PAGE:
Four key impeachment witnesses testify

By Veronica Rocha, Meg Wagner and Amanda Wills, CNN

Updated 8:44 p.m. ET, November 19, 2019
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11:56 a.m. ET, November 19, 2019

Vindman: It's "preposterous" to think I'd leak information

AP Photo/Susan Walsh
AP Photo/Susan Walsh

Lt. Col. Alexander Vindman said it's "preposterous" to think he'd leak information.

"Colonel, you never leaked information?" Rep. Jim Jordan asked Vindman, who is under oath.

"I never did — never would. That is preposterous that I would do that," he said.

Just before this, Jordan asked Vindman about testimony from Tim Morrison, in which he said Vindman may have leaked information.

"Mr. Jordan, I would say that I can't say what Mr. Morrison — why Mr. Morrison questioned my judgment," Vindman said. "We had only recently started working together. He's — he wasn't there very long, and we were just trying to figure out our relationship."


11:55 a.m. ET, November 19, 2019

Williams: Vice President Pence has "never brought up" the investigations

Andrew Caballero-Reynolds/AFP/Getty Images
Andrew Caballero-Reynolds/AFP/Getty Images

Jennifer Williams, an aide to Vice President Mike Pence, said he has never brought up investigations into the Bidens and Burisma.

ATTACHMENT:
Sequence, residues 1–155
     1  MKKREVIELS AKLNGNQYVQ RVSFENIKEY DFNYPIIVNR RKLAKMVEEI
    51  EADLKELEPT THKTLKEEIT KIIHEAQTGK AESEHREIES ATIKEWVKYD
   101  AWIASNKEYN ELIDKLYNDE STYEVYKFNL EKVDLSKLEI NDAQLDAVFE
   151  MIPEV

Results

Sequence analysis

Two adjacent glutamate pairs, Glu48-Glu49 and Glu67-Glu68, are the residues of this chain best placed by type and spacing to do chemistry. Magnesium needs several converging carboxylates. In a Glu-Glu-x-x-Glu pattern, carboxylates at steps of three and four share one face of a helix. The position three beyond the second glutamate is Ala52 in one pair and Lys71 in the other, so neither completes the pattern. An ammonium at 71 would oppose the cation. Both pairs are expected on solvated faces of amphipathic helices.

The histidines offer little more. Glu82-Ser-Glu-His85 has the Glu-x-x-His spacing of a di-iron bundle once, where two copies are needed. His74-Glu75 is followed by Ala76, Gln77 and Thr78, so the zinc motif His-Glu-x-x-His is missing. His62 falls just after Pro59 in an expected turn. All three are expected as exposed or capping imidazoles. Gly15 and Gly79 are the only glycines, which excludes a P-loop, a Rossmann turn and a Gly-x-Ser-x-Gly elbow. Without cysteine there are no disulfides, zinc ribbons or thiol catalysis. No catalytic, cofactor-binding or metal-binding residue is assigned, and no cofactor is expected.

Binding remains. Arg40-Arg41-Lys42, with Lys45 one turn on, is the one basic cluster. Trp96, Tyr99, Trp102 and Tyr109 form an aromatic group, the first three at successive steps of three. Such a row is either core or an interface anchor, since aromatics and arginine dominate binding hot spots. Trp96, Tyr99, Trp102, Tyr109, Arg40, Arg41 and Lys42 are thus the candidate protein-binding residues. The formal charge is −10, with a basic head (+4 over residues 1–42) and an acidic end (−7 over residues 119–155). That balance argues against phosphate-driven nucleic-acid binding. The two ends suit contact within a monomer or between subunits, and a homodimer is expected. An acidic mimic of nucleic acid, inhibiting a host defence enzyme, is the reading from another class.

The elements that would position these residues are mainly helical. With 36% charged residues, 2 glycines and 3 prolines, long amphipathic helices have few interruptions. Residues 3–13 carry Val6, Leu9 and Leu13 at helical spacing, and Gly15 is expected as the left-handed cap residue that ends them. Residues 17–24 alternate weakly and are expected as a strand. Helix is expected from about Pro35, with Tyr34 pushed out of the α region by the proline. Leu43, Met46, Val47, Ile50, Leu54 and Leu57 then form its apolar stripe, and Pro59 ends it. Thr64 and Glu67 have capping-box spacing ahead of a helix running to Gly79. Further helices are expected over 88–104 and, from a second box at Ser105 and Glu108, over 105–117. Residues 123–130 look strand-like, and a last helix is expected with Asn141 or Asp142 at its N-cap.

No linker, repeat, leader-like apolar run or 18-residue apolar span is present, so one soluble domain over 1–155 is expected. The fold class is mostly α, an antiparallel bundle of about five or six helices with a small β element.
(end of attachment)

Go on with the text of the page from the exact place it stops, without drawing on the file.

House Intelligence Committee Chairman Adam Schiff mentioned the investigations while describing a meeting Pence had with the Ukrainian president in September. He said two to three dozen people were in the meeting.

Schiff asked if Pence mentioned the investigation during the meeting.

"No, he did not bring up those investigations. He's never brought up those investigations," Williams responded.

Watch more:

11:47 a.m. ET, November 19, 2019

Vindman ignores question about his loyalty to the United States

From CNN's Michael Warren

AP Photo/Manuel Balce Ceneta
AP Photo/Manuel Balce Ceneta

During the short break, Lt. Col. Alexander Vindman did not answer a question from CNN about whether he felt his loyalty to America was being questioned in the ongoing hearing.

Vindman appeared to ignore the question, which we asked outside the Capitol Hill hearing room.

Vindman's twin brother Yevgeny Vindman, who has accompanied his brother to Tuesday's hearing, also appeared to ignore a similar question.

Republican counsel Steve Castor asked Vindman several questions about an offer from Ukrainian officials to serve as Ukraine's defense minister. 

Vindman testified that while the offer had been made three times, he refused each time. He also appeared to treat the offer as amusing rather than serious. He said to lawmakers he did tell his chain of command about the offers.

Vindman was born in the Soviet Union and immigrated as a toddler to the United States. He is an American citizen and an Army officer.

The hearing has now resumed.

11:43 a.m. ET, November 19, 2019